Anderson, Adam (1692?-1765) (DNB00)
ANDERSON, ADAM (1692?–1765), the historian of commerce, was probably a native of Aberdeen, and born about 1692. He was for forty years, if not longer, a clerk in the South Sea House. In a letter from him (Add. MS. 6860, fol. 4), dated 1 Feb. 1759, to his friend Andrew Mitchell, an Aberdeen man, afterwards English resident at Berlin, he complains of inadequate promotion in the South Sea House, and expresses a desire to obtain ‘a small sinecure or place which might be supplied by deputation to enable me to wear out my few years to come with a little more comfort.’ It is, however, stated in the ‘Gentleman's Magazine’ (liii. 41), with reference to his position in the South Sea House, that he ‘at length arrived to his acme there, being appointed chief clerk of the Stock and New Annuities there till his death.’ According to the same authority he was one of the trustees for establishing the colony of Georgia, and a member of the court of assistants of the Scottish Corporation of London. His name also appears (Nichols's Literary Anecdotes, ii. 119) in the list of trustees to carry out an act of Queen Anne's for the establishment of parochial libraries at home and in the colonies. In person he is described as having been ‘tall and graceful,’ and he was twice married. He died at Clerkenwell 10 Jan. 1765.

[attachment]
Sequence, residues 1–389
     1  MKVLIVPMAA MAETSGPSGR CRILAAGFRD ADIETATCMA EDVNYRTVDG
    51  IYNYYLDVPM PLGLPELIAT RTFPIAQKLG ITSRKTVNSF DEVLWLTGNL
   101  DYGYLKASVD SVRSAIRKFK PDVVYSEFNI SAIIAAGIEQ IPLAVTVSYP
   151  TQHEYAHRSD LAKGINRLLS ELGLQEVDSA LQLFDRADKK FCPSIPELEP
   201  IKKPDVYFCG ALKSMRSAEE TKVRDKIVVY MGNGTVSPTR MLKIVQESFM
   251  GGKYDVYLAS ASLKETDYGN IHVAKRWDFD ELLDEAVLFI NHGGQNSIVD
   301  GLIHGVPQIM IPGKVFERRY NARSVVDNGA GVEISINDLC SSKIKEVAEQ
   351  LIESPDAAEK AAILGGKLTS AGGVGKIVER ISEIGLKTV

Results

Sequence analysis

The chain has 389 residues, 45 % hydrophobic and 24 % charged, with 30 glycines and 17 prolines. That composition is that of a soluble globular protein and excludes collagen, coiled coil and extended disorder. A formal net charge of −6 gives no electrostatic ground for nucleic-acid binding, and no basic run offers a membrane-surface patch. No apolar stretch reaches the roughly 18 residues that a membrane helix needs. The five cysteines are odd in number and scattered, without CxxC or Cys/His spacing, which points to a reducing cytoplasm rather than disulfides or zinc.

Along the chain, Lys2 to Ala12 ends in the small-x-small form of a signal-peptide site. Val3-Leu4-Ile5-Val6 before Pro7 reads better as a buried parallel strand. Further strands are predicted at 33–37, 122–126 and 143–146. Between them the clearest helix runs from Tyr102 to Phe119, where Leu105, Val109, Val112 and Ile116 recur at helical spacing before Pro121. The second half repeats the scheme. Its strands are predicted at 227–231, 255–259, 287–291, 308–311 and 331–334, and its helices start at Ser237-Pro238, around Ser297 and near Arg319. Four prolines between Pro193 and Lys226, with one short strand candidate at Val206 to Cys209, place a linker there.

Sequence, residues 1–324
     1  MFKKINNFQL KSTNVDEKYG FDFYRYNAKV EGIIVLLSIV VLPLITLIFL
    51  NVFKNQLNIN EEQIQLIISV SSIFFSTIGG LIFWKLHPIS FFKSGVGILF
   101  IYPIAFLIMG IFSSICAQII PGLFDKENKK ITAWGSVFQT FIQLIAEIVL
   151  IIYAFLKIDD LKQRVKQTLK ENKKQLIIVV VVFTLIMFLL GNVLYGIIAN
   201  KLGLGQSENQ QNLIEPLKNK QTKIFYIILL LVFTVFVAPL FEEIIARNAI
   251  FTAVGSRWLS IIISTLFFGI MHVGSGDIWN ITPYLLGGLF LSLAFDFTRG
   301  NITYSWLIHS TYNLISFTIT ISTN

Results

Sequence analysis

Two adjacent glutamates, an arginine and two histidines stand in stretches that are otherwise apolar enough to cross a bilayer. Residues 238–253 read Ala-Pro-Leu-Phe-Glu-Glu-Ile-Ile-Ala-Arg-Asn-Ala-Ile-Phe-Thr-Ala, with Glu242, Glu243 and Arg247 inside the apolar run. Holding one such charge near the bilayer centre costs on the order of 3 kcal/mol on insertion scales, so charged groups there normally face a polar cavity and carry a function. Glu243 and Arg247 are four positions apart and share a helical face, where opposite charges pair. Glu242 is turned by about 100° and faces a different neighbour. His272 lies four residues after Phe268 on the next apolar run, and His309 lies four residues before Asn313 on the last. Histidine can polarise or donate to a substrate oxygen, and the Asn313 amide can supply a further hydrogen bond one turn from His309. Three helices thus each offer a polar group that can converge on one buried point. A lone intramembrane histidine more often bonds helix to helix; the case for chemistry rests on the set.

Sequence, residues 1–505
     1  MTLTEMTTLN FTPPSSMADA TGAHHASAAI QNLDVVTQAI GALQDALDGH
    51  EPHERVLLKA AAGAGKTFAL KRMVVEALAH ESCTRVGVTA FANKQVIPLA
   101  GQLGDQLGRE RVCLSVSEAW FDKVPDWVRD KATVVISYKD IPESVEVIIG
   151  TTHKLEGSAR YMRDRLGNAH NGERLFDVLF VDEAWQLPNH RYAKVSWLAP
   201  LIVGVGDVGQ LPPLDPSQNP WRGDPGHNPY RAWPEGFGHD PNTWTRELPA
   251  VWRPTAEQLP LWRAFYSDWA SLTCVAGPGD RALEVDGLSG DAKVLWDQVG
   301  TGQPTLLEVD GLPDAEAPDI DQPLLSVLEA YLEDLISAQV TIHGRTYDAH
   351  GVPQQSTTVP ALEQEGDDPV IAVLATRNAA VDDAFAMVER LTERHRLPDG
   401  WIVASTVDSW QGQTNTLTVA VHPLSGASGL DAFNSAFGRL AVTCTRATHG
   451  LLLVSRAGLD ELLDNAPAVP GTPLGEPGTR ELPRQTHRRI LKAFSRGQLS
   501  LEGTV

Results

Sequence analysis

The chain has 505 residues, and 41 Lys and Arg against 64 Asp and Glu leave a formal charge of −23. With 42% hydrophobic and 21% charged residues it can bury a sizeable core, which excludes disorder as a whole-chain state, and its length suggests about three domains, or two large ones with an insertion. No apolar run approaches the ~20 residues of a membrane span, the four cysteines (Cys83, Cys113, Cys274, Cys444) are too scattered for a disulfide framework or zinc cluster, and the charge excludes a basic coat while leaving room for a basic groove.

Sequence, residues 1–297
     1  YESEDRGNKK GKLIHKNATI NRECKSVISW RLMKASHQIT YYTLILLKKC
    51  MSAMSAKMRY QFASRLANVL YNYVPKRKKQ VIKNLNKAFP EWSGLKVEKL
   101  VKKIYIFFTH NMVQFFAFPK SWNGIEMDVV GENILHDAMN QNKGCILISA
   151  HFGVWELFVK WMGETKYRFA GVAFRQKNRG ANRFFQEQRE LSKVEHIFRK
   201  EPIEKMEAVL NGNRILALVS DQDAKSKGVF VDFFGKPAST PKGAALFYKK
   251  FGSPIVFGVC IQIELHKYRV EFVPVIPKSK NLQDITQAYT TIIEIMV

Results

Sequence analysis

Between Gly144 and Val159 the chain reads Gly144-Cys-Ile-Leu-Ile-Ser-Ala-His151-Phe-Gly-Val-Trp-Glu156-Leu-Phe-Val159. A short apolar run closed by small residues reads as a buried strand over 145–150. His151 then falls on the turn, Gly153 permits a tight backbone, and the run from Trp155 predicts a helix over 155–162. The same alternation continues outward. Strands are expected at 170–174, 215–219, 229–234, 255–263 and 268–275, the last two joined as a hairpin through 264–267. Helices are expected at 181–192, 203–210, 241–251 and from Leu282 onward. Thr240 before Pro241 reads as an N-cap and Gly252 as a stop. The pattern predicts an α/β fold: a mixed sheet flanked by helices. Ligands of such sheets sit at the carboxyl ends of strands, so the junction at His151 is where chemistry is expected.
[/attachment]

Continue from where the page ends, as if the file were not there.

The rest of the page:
In the year preceding his death appeared his great and only work, bearing the title, ‘An Historical and Chronological Deduction of the Origin of Commerce from the earliest accounts to the present time, containing an History of the great Commercial Interests of the British Empire. To which is prefixed an Introduction exhibiting a View of the ancient and modern State of Europe; of the Importance of our Colonies and of the Commerce, Shipping, Manufactures, Fisheries, &c., of Great Britain and Ireland, and their influence on the Landed Interest, with an Appendix containing the Modern Politico-Commercial Geography of the several Countries of Europe’ (London, 2 vols., fol. 1764). Coming down from the earliest times to the year 1762, Anderson's work is a monument of stupendous industry. Composed in the form of annals, it is not merely a record of commercial progress and colonial enterprise, but a history of the political, industrial, and social development of all civilised countries, and especially of Great Britain and Ireland. Abstracts of all treaties, acts of parliament, and pamphlets in any way bearing on commerce or kindred matters, are added, together with statistical accounts of the national finances, of prices, currency, and population. The early portions of the work are untrustworthy, but Macpherson attached sufficient value to its chapters from 1492 onwards to reproduce them in his ‘Annals of Commerce.’ In the introduction to his work Anderson showed himself in advance of his time, and exposed several of the fallacies of the mercantile system. He condemned industrial monopolies, and advocated the naturalisation of foreign protestants, and a uniformity of weights, measures, and coinage for all the nations of Christendom.[Notice in Gentleman's Magazine, liii. 41–2 (reproduced in Nichols's Literary Anecdotes, ix. 491); Anderson's work, editions of 1764 and 1787; Preface to Macpherson's Annals of Commerce (1805).]